The Future of Work as the Context of the Future of Wellbeing

We all know the world of work is changing, but what does the future look like? At the Good Day at Work Conversation 2017, our line-up of experts delved into the future of work and what it means for wellbeing.


Here are our top four take-outs from the day in bitesize form.


Demand for Better Work Spaces


Better working physical environments emerged as a real priority for the future of workplace wellbeing, with experts from British Land and the International WELL Building Institute explaining the growing need for companies to create healthier spaces for their employees.


The International WELL Building Standard™ has developed a validated framework across seven concepts such as air pollution, water, and light – that helps address the design and operations of buildings, including how they impact wellbeing and human behaviour. Founder and Good Day at Work speaker, Paul Scialla made the compelling point that around only 1% of a building’s ongoing costs go towards energy usage, but almost all sustainability standards focus on this tiny area of improvement. He asserted that since over 90% of a building’s costs are directly related to the people inside it, a standard that focuses on driving employee wellbeing has vast potential for organisations everywhere. Paul talked about good building design creating the foundation for workplace wellbeing as, for example, employees will benefit from better air, light and water without doing anything at all.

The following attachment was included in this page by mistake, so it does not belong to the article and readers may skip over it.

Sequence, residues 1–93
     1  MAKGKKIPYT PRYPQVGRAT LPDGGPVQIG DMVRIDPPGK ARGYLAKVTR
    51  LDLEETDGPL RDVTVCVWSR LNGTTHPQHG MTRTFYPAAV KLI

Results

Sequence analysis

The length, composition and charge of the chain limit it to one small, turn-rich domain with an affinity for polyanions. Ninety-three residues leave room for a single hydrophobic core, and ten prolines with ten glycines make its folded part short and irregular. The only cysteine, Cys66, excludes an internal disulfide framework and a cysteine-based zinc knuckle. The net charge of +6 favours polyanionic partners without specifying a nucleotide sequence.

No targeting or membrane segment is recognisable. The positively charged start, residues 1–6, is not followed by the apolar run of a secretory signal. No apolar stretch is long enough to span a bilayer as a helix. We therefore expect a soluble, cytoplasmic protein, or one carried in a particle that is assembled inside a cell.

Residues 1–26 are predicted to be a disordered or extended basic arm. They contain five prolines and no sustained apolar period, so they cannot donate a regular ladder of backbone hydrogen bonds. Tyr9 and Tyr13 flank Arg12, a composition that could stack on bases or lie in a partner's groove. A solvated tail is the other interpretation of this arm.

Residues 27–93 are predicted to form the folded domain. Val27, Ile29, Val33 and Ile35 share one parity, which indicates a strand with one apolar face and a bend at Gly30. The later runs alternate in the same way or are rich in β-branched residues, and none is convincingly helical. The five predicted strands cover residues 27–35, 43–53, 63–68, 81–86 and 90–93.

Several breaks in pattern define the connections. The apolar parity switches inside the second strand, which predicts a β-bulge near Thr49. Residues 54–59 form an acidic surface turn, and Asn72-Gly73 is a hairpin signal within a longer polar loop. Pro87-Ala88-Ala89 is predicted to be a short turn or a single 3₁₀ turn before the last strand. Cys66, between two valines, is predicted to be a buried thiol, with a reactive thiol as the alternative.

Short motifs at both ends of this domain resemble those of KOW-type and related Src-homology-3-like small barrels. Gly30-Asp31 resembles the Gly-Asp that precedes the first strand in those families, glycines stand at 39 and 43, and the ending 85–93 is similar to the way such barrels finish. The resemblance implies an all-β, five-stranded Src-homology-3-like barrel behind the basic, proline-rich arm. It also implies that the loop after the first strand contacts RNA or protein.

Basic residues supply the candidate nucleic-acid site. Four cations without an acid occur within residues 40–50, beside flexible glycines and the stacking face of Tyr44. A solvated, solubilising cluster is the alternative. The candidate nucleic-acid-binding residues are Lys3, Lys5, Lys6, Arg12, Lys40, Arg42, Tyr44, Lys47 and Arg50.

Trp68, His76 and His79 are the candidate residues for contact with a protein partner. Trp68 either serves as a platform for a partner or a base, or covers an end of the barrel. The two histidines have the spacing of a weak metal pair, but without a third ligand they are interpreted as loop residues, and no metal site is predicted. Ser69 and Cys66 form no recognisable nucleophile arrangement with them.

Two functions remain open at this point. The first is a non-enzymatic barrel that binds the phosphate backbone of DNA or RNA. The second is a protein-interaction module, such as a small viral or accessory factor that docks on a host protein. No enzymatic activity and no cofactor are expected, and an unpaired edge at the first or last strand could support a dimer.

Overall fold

And yet, many businesses are missing this opportunity by not including building and room design in their overall corporate wellbeing strategy. So, the Well Building movement makes good business sense, but this is also about individual experience; about making the work environment a healthy place for employees to be, something that will, in turn, attract and retain talent.